#8
    We have two LG Blu-Ray players and--till I get a chance to buy a second one--one new Apple TV. If I never have to use the Blu-Ray players to play anything but Blu-Ray disks again, I'll be thrilled. The ATV interface is much smoother, and unlike the Blu-Ray players, it gives me access to all of Netflix, not just what's in my queue. (I have no idea how Netflix on Tivo compares.)
     
  9. newagemac macrumors 68020

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    Mar 31, 2010
    #9
    I've used Netflix on the Tivo HD. It's probably the worst Netflix experience available on any device. The Tivo was one of the first devices that got Netflix and years later they still haven't updated the app and it is basic, buggy, and very slow. Roku got Netflix around the same time and they've done multiple updates to theirs so Tivo has no excuse. I used to be a huge Tivo fan years ago but they have really gone downhill.
     
  10. HobeSoundDarryl, Dec 4, 2010
    Last edited: Dec 4, 2010

    HobeSoundDarryl macrumors 603

    HobeSoundDarryl

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    Hobe Sound, FL (20 miles north of Palm Beach)
    #10
    Others have already commented about the error you made about Netflix 1080p offerings. I also find fault with your second sentence. The human eye can indeed tell the difference between the two. Else, I should be typing this on my 720p resolution (small 27") 2010 edition iMac screen. If my eye can't see any difference in that extra resolution, why did Apple bother to include it in this iMac?

    I know we want to just run with the cheerleader arguments about such stuff because they generally want what Apple decides to be THE way no matter what, but perpetuating such stuff doesn't make it any more true than when you first read it from someone else.

    Yes, I've seen the "chart" and this "9X% people can't see the difference" argument many times before. Nevertheless, Apple's choice to build this mostly terrific device limited to 720p doesn't automatically make 720p THE ideal option... only the ideal option for those who can choose to buy ONLY what Apple wants to sell.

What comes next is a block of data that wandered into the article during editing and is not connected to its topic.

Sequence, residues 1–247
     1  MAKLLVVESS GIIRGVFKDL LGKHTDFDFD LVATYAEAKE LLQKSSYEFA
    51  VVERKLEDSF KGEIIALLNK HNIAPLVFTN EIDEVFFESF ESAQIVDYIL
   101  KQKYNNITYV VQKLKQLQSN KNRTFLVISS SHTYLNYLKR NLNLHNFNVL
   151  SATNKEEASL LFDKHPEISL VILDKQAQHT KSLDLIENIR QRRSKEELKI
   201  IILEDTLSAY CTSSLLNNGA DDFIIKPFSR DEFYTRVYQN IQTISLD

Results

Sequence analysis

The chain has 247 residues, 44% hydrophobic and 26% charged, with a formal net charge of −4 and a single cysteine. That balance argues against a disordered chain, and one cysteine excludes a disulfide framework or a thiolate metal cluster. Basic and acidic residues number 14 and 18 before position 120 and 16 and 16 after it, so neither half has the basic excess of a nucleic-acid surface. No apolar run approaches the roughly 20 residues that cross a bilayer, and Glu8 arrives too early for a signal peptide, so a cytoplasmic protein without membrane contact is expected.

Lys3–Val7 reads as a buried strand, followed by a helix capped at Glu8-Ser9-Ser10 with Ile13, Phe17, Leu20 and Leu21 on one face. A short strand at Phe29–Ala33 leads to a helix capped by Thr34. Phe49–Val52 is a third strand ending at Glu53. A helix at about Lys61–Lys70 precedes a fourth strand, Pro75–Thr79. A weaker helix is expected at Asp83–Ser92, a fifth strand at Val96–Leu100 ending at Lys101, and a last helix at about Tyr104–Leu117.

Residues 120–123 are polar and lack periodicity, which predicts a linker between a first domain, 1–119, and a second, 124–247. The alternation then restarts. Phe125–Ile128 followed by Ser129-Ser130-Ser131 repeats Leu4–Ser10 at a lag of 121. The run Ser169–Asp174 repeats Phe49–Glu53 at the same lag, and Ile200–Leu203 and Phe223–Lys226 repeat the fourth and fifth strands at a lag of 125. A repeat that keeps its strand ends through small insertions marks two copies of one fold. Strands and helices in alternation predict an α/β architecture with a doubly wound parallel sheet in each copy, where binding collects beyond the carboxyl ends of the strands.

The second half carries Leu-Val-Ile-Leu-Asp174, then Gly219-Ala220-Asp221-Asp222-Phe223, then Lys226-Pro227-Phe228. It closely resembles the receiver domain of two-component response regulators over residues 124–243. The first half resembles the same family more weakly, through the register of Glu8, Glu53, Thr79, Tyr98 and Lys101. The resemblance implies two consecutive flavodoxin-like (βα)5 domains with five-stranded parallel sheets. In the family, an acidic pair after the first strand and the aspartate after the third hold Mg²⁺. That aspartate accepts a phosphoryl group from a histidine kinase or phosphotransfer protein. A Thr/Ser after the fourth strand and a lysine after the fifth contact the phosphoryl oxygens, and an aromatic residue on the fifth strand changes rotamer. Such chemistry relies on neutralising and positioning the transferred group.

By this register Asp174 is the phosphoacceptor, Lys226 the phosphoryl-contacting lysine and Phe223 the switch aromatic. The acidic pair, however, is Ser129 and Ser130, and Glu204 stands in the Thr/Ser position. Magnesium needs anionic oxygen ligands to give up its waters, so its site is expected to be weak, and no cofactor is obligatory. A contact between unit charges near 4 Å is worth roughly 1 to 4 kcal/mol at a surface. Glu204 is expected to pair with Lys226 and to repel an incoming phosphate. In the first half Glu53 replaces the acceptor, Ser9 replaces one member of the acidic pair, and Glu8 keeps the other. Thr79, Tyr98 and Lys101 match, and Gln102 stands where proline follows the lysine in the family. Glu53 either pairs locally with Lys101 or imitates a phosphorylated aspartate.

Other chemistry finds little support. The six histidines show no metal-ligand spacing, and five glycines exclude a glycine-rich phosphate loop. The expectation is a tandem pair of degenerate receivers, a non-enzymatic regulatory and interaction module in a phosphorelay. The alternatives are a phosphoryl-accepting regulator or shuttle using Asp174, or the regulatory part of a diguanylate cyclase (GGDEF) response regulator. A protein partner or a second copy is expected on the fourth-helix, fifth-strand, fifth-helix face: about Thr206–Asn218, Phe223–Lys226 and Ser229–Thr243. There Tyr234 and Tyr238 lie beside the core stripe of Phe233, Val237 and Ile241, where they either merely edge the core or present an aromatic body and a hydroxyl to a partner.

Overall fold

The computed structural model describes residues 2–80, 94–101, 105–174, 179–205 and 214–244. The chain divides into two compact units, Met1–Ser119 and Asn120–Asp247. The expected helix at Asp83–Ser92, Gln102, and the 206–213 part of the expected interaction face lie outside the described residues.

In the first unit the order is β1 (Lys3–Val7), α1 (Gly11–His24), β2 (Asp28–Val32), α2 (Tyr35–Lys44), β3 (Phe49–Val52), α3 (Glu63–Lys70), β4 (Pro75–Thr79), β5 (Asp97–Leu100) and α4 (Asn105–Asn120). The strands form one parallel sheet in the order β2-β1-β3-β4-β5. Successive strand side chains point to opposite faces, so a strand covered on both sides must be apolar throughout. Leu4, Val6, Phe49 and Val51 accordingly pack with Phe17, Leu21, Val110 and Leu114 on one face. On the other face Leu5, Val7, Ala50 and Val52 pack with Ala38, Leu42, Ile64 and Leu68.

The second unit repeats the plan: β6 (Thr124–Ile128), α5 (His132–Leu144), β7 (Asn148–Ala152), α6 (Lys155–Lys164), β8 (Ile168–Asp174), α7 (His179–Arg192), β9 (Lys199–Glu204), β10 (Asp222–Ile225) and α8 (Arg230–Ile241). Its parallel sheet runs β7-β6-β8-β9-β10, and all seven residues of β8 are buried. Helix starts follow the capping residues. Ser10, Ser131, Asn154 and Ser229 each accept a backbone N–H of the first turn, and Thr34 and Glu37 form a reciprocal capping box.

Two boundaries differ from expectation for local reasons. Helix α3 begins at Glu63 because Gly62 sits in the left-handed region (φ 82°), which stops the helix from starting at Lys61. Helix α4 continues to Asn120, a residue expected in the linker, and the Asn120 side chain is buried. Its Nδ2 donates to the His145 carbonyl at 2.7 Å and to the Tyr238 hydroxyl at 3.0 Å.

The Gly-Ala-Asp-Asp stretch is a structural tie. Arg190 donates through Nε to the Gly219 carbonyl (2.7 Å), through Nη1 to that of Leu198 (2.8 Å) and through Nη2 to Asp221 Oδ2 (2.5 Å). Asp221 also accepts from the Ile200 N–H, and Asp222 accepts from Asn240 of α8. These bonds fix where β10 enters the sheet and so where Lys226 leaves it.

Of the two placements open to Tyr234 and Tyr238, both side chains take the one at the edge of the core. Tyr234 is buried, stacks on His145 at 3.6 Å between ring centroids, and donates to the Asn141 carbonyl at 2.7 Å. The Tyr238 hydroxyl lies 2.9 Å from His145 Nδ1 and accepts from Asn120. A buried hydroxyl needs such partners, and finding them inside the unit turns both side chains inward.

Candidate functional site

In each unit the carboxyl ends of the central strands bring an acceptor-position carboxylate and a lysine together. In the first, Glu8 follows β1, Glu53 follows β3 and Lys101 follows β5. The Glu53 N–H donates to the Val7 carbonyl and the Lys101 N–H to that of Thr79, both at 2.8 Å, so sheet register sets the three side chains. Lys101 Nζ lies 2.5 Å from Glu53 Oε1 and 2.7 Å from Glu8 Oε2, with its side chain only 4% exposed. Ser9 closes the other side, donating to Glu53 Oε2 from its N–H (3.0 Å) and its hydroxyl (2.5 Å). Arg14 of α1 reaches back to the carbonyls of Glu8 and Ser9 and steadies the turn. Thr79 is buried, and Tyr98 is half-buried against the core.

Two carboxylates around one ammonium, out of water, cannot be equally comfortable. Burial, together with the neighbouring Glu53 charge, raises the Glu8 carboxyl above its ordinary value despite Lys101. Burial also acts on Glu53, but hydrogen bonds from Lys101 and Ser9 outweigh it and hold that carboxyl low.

If YOUR human eye(s) can't see the difference of 720p vs. 1080p in your own situation, that's fine. But your eyes- or perhaps your situation (HDTV, environment, etc)- are not necessarily representative of all human eyes & situations... certainly not ALL human eyes and situations.

    To the topic of the post, yes there are plenty of other little set top boxes that do 1080p. Look to Roku & Western Digital for just two. And there are various sources of 1080p content beyond just Netflix and BD rips. Look to Vudu for one better example. The catch is that with these other devices, you don't get the "for dummies" polish of the Apple UI and the richest of connections to the media organized in your copy of iTunes, but they do offer 1080p playback in similarly-priced set-top boxes (and some of the UIs aren't that bad). Also, check your HDTV and some BD players for a USB jack. Newer HDTVs like Samsung models have (not as nice) UI's built right into the TV to access media on a connected hard drive and play it back at 1080p.

    I'd love to see someone use a 1080p platform that basically rips off the last generation UI of the previous edition of Apple TV, while adding in the ability to connect to Netflix, etc. I wish Apple would just do it: Apple TV 1080p, but the cheerleaders have a long list of justifications why it makes little to no sense for Apple to do that... until of course, Apple does deliver one. Then, they'll gush how great it is to have a 1080p Apple TV. Much like how a front facing camera on iDevices- especially iPad- made absolutely no sense last year; yet, now that Apple is pushing face time, the same cheerleaders who argued how stupid it was to want that then, love it now... and/or can't wait for it on the new iPad.
     
  11. NJRonbo thread starter macrumors 68000

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    Jan 10, 2007